Prosthetic and extremity survivorship after limb salvage for sarcoma. How long do the reconstructions last?

Clin Orthop Relat Res. 1993 Aug:(293):280-6.


Ninety-three consecutive prosthetic reconstructions performed for limb salvage after the resection of sarcomas of the lower extremity were reviewed to determine how long the reconstructions lasted, how successful they were in avoiding amputation in the long term, how significant a problem was aseptic loosening, and what was the associated patient survival. Reconstruction was of the proximal femur in 16, distal femur in 61 and proximal tibia in 16 patients. Minimum follow-up time was 24 months, with a median of 66 months and mean of 80 months. If any event leading to the removal of the prosthesis is considered a reason for failure, the event-free prosthetic survival at five years for the proximal femur was 88%, distal femur 59%, and proximal tibia 54%. Limb survival at five years was significantly better, with the proximal femur at 88%, distal femur at 88%, and proximal tibia at 78% intact. Aseptic loosening survival was better than the event free prosthetic survival, which demonstrates the influence of factors such as sepsis (hematogenous) or wound necrosis that lead to prosthetic removal. Aseptic loosening survivorship of the proximal femur at five years was 100%; distal femur, 78%; and the proximal tibia, 73%. At five years, patient survival was low for the proximal femur (62%) and distal femur (75%) but notably better for the proximal tibia (93%). Prosthetic, extremity, and patient survival differed depending on the site. Wound necrosis was a significant cause of prosthetic removal and loss of limb early in this series, but the more aggressive use of soft tissue procedures has improved this.(ABSTRACT TRUNCATED AT 250 WORDS)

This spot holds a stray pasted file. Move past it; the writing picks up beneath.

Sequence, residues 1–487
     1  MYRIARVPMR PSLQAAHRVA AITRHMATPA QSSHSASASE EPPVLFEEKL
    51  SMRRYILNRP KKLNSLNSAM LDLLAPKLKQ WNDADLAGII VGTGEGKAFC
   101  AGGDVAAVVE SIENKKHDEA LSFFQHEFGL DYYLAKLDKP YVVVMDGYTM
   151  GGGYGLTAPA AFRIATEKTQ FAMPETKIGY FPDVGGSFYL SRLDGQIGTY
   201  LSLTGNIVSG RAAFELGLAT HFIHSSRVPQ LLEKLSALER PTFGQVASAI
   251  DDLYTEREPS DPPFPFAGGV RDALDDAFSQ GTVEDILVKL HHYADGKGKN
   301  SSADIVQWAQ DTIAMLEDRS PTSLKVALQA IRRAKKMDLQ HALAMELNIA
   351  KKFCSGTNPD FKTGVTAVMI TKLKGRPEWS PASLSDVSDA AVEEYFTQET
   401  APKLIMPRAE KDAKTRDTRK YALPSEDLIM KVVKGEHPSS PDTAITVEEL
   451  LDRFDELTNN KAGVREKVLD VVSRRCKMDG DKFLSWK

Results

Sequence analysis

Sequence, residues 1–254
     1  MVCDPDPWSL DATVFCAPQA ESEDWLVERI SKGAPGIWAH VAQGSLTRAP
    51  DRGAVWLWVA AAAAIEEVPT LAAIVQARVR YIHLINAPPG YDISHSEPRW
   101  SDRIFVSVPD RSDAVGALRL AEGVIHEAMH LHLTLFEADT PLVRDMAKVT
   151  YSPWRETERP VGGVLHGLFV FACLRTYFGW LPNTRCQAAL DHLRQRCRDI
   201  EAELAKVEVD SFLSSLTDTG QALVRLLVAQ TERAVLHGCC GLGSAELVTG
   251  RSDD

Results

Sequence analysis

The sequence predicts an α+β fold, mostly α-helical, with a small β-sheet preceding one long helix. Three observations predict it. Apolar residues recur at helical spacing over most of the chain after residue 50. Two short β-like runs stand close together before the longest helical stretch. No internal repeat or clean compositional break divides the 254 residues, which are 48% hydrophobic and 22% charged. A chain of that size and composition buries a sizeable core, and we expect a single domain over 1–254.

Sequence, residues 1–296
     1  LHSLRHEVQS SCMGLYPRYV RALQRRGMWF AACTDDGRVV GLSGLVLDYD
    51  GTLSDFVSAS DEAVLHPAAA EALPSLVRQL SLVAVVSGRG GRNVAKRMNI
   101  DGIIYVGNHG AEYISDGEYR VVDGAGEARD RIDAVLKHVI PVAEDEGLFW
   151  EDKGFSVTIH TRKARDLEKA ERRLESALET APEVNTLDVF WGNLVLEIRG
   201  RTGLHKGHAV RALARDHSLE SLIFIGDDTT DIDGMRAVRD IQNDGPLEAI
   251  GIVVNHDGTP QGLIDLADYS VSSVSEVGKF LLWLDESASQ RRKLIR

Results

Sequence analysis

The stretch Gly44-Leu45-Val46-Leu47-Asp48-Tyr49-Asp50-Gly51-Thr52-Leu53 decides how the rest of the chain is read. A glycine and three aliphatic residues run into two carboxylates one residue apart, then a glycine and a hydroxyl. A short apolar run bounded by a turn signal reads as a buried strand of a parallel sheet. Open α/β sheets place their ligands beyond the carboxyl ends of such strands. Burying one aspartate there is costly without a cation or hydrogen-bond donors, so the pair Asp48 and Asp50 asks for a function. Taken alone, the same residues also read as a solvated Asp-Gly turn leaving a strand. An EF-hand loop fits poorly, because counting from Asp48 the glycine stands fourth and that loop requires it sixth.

MeSH terms

  • Actuarial Analysis
  • Adult
  • Amputation, Surgical
  • Bone Neoplasms / mortality
  • Bone Neoplasms / surgery*
  • Femoral Neoplasms / mortality
  • Femoral Neoplasms / surgery*
  • Femur / surgery*
  • Follow-Up Studies
  • Hip Prosthesis
  • Humans
  • Knee Prosthesis
  • Prostheses and Implants*
  • Prosthesis Failure
  • Retrospective Studies
  • Sarcoma / mortality
  • Sarcoma / surgery*
  • Tibia / surgery*
  • Time Factors